Select high school and college bands have been chosen to perform in showcases, including the Michigan State University Big Band and Central Michigan University Big Band. The Fraser High School Jazz Band will take the stage from 11:30 a.m.-1 p.m. Aug. 30.
In honor of the 50th anniversary of passage of the Civil Rights Act, Redman will lead a concert inspired by the Civil Rights Movement from 4:15-5:30 p.m. Sept. 1 titled “Jazz Speaks for Life,” an expression coined by Martin Luther King Jr. The Wayne State University Big Band, the Motown Legends Choir, Aaron Goldberg, Reuben Rogers, Gregory Hutchinson and others will perform new arrangements prepared by Detroiters, Collins said — including new spins on “This Little Light of Mine” and Charles Mingus’ “Meditations on Integration.”
“This concert is not only a celebration of Civil Rights, but also it is a representation of how the artist-in-residence integrates himself into the community,” said Collins, noting Redman’s commissioning of new arrangements, some prepared by students. “The concert will reflect the results of (Redman’s) yearlong residency.”
Since 2011, the festival has worked with DTE Energy to reduce the event’s carbon footprint.
“The Detroit Jazz Festival brings thousands of jazz enthusiasts to Detroit every Labor Day weekend, making it a great opportunity to showcase the beauty of Detroit and educate people about the DTE Greening Program and how to be green in their everyday lives,” said Faye Nelson, DTE Energy vice president of Public Affairs and president of the DTE Foundation, in a prepared statement. “This year, we are looking forward to expanding the program and implementing new and improved processes in an effort to collect more recyclables than ever before.”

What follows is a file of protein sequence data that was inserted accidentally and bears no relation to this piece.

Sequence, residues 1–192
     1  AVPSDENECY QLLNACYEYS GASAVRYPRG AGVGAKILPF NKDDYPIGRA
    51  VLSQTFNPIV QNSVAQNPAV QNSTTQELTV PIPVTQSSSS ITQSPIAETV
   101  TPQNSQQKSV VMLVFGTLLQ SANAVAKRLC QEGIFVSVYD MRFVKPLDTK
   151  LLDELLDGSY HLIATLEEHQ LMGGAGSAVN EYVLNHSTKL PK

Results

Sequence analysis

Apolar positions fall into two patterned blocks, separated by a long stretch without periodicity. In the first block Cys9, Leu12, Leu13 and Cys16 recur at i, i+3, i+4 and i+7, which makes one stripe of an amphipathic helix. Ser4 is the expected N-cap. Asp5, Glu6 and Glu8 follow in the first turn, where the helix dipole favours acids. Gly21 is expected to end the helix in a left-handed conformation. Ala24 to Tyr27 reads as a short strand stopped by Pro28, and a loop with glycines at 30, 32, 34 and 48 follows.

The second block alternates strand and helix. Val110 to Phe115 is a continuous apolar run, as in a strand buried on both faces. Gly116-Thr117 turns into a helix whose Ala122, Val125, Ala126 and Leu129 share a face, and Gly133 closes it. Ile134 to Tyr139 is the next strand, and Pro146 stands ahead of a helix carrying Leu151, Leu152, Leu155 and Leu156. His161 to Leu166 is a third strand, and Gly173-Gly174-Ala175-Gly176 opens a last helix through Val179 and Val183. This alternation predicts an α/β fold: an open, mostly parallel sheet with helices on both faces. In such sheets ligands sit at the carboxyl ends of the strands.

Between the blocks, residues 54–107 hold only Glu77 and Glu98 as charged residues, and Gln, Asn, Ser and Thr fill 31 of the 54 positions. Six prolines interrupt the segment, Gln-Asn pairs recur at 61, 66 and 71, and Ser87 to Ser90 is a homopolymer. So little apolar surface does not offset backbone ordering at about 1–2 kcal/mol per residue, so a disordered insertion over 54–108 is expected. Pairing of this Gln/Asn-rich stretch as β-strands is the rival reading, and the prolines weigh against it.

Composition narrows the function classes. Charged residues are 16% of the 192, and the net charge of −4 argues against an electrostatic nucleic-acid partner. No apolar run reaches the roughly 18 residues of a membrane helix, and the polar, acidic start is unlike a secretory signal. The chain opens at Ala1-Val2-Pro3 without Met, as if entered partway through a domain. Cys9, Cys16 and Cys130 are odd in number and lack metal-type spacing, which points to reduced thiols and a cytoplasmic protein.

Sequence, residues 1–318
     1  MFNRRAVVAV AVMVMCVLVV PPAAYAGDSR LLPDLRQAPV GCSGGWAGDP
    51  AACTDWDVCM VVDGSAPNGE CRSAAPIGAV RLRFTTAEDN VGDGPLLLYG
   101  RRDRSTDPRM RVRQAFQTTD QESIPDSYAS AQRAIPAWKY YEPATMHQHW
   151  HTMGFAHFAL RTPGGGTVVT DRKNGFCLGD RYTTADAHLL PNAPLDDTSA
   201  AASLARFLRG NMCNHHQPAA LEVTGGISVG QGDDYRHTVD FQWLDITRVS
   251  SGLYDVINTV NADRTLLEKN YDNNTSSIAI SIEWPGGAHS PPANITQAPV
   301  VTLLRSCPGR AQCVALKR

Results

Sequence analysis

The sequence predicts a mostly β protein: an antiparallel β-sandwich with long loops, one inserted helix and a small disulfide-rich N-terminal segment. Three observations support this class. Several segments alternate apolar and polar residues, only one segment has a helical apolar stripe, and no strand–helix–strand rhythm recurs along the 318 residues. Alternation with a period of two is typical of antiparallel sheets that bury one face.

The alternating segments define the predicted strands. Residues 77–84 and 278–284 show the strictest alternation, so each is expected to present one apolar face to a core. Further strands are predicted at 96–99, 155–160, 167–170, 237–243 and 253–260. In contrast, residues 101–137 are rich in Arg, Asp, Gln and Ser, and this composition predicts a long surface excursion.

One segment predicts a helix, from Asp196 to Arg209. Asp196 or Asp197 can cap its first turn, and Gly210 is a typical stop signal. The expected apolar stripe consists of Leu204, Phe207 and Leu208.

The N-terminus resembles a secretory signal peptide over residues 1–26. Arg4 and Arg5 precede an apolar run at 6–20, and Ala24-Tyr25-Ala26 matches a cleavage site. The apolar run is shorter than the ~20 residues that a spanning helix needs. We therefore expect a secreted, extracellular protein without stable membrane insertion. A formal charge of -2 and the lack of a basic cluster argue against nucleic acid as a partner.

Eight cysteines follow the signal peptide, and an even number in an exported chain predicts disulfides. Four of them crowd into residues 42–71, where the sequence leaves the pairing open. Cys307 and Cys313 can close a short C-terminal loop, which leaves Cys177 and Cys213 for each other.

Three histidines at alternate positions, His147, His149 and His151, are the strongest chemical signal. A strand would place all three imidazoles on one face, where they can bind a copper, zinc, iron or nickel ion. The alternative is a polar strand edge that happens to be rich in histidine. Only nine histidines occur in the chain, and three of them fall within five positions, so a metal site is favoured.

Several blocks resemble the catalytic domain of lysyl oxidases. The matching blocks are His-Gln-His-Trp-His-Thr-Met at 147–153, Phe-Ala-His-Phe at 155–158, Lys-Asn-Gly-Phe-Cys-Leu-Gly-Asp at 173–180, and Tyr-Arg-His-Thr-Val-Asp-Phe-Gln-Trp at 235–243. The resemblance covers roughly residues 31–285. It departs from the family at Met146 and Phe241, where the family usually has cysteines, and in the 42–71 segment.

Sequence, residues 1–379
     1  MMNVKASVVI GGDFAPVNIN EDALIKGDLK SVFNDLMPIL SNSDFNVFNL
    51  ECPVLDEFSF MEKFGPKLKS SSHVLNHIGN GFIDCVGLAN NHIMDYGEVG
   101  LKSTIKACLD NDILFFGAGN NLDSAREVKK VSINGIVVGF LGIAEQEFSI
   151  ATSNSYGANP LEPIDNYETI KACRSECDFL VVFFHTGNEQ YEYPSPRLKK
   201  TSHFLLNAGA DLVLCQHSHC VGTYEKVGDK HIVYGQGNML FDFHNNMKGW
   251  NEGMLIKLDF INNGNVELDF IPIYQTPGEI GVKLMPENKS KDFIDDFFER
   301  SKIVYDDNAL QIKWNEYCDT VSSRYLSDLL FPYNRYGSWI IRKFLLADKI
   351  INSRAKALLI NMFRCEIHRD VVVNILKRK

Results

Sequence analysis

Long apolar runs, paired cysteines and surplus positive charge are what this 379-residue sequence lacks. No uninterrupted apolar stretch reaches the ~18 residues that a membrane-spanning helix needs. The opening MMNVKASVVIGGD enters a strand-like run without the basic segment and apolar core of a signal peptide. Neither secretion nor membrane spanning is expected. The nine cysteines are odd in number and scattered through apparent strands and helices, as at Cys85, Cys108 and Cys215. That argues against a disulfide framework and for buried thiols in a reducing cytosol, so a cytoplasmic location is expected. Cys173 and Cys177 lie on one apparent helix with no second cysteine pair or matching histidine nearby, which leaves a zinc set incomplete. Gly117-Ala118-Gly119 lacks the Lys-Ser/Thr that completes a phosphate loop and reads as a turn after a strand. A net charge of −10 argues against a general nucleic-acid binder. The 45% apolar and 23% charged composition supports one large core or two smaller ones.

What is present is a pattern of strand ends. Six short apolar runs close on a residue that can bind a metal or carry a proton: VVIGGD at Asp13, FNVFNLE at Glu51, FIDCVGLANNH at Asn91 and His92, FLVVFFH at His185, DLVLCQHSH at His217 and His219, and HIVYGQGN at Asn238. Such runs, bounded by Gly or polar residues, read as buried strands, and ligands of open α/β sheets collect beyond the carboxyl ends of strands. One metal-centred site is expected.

Detroit Jazz Festival Foundation Board Chair Gretchen Valade, of Grosse Pointe Farms, said she was “elated” to be teaming with DTE again.
“Each year, we are amazed by the amount of waste this program keeps out of landfills, and hope that 2014 will be a record-breaking year,” Valade said in a prepared statement. “This program is a great way for us to show our commitment to the environment and to the city of Detroit. As the world’s largest free jazz festival … (this) is a good opportunity to highlight all that Detroit has accomplished and to leave festivalgoers with a positive and lasting impression that will keep them coming back year after year.”
Valade said almost 26 percent of those who attend the festival come from outside Michigan, but even local residents might want to take advantage of the many hotel and VIP packages that offer dinner, exclusive access and other benefits, said Collins. Donors and sponsors keep the festival free, and people who purchase special packages can help support this event and keep it going. As Detroit’s comeback continues, Collins said the festival is a reminder of the city’s rich musical legacy; the festival, like the city, has weathered tough times and emerged stronger and better than ever.
“Sometimes we forget the value of our culture and our arts. … The jazz festival has been an amazingly constant force in our landscape,” Collins said. “The city is the stage. The city is the backdrop. You marvel at the architecture and you marvel at the thousands of people milling in the streets and (enjoying) artistic excellence.”
Visit www.detroitjazzfest.com for more.